Speaking of Jesus, Brown and Bakker write, “The bulk of his time was spent preaching about helping the poor and those who are unable to help themselves. At the very least, Christians should be counted on to lend a helping hand to the poor and others in need.”

I’m sympathetic with their concerns that Christianity not become “co-opted by a political party” or only about “supporting laws that force others to live by their standards.” I’m less sympathetic with their emphasis on Christianity strictly as social gospel (the only mention of “hell” in the piece is as part of a rhetorical flourish at the piece’s beginning, having nothing to do with the biblical doctrine of everlasting punishment.)

In a piece for the Christian Science Monitor (HT: WorldMagBlog), Mark Totten writes that “a remarkable trend is emerging among Evangelicals today: the embrace of a social agenda that includes not only abortion and marriage, but poverty, AIDS, the environment, and human rights.” On one level, this reflects the positive engagement of evangelicals with the totality of public life, something that is important given the extent of Christ’s lordship.

Totten writes,

The most telling change is perhaps taking place in the pulpit. For most of the past century, Evangelicals have reacted against the Social Gospel movement of the progressive era, which many felt replaced the Gospel message with one of mere worldly social action. Today, however, a new generation of evangelical pastors is weaving an ethic of “neighbor love” into the fabric of sin and salvation.

(Totten cites the work of Rev. Tim Keller, whose work is discussed in more detail here and here, as a case in point.) The key here is that in an overreaction to the social gospel, some Christians eschewed any and all political or social engagement. We need to be careful, however, that in response to what may be too little engagement, we don’t return to the errors of the social gospel and make Christianity all about material or social well-being.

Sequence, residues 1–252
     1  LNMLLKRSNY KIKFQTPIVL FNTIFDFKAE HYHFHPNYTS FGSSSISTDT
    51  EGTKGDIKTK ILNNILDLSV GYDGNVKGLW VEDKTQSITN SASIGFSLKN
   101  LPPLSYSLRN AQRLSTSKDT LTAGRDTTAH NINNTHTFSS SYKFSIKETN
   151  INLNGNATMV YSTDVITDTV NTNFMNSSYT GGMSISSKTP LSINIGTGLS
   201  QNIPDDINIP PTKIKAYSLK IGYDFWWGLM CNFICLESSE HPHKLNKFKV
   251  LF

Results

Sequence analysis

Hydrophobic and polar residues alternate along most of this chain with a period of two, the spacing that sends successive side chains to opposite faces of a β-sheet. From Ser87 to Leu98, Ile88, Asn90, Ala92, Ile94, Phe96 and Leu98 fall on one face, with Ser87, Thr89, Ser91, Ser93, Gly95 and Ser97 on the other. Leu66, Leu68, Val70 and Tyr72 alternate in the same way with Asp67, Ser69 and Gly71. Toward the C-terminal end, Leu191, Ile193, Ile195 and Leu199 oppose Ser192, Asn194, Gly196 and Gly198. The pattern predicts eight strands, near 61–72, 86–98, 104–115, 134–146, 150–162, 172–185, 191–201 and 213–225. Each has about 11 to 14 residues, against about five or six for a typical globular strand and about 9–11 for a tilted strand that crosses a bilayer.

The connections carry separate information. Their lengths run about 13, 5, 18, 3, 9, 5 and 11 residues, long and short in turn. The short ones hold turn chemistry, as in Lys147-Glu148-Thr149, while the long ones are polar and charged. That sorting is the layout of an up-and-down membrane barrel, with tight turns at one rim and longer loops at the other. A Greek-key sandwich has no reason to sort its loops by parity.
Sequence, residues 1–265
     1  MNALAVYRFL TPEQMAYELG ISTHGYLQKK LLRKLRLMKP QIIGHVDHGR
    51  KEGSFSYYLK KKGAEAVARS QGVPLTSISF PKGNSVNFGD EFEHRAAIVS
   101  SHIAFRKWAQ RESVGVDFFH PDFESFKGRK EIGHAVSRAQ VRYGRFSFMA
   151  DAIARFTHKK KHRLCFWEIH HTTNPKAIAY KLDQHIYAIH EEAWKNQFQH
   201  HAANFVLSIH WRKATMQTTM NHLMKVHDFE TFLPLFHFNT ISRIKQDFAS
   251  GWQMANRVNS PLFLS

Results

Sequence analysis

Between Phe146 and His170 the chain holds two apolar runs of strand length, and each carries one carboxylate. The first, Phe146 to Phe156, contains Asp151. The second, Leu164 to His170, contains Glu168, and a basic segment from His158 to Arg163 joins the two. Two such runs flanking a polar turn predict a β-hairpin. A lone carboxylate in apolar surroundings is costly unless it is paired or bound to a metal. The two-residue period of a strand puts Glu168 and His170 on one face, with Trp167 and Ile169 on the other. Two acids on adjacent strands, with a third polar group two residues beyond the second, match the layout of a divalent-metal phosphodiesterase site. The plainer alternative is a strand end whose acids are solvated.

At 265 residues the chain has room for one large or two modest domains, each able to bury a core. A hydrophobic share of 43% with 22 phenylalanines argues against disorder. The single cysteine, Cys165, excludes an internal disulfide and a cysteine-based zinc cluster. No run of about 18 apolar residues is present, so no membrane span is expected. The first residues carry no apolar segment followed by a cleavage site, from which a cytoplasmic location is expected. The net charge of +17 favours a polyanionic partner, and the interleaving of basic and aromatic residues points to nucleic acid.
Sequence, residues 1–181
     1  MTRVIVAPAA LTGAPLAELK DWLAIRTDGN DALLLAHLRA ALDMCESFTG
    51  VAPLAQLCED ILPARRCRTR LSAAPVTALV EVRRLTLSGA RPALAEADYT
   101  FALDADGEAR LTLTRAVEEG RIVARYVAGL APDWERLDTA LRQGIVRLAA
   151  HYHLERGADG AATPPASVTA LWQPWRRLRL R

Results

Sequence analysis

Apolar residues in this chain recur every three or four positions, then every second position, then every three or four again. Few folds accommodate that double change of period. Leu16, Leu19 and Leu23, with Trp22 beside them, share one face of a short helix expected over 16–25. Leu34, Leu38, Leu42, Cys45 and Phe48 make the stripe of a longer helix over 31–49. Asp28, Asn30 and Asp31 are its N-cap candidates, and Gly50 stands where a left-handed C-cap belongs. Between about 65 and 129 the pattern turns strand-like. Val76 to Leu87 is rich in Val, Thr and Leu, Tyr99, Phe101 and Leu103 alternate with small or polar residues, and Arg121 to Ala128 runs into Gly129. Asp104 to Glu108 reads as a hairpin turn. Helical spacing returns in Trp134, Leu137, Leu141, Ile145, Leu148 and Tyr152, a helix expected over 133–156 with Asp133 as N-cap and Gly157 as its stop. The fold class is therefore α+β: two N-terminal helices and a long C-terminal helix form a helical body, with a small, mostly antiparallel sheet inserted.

So, instead of the “either/or” dichotomy that Bakker and Brown set up between traditional political issues of the religious right (e.g. gay “marriage,” abortion) and the “new” concerns of political evangelicalism (e.g. the environment, poverty), it’s really a “both/and” equation. And this “both/and” extends beyond the political realm to the theological, so that we have a socially conscious and active Christianity that doesn’t abandon orthodox doctrine and concerns about salvation.

Augustine, in his monumental work De Doctrina Christiana (On Christian Teaching), captures this relationship well (emphasis mine):

Now of all those who are able to enjoy God together with us, some we love as people we can help, some as people we can be helped by, some as ones both whose help we need, and whose needs we help to meet, while there are some on whom we ourselves confer no benefits, and from whom we do not expect any either. Still, we ought to want all of them to love God together with us, and all our helping them or being helped by them is to be referred to that one single end (1.29.30).

As Augustine elsewhere observes, “A person who sorrows for someone who is miserable earns approval for the charity he shows, but if he is genuinely merciful he would far rather there were nothing to sorrow about” (Confessions, 3.2.3).

What does this mean in the context of Christian evangelism? That we not simply seek to bind up physical wounds, but minister to the whole person, body and soul. And real ministry to the soul entails that we relate the true situation of all sinners, for as Augustine also confesses, “my sin was the more incurable for my conviction that I was not a sinner” (5.10.18).

Brown and Bakker write that Christians are to “love others just as they are, without an agenda.” If taken to an extreme, this claim is a radical departure from traditional Christian faith. For not only in the words of Augustine are we to love others as they might become brothers and sisters in Christ (“No sinner, precisely as sinner, is to be loved; and every human being, precisely as human, is to be loved on God’s account”), but also in the words of Jesus we are to show our love to one another by proclaiming the gospel: “Neither do I condemn you. Go now and leave your life of sin.”

As a follow-up to John Armstrong’s post, I point you to this excellent response to Gerson’s article by Joe Knippenberg at No Left Turns (HT: Good Will Hinton).

Knippenberg raises the relevant question whether “the ‘new evangelicals’ he describes will have sound practical judgment to go along with their decency and moral energy.”

I think it’s true that the potential is there for the “new” evangelicals to go the Jim Wallis route, who is proclaiming the election as “a defeat for the Religious Right and the secular Left,” which leaves, you guessed it, the Religious Left.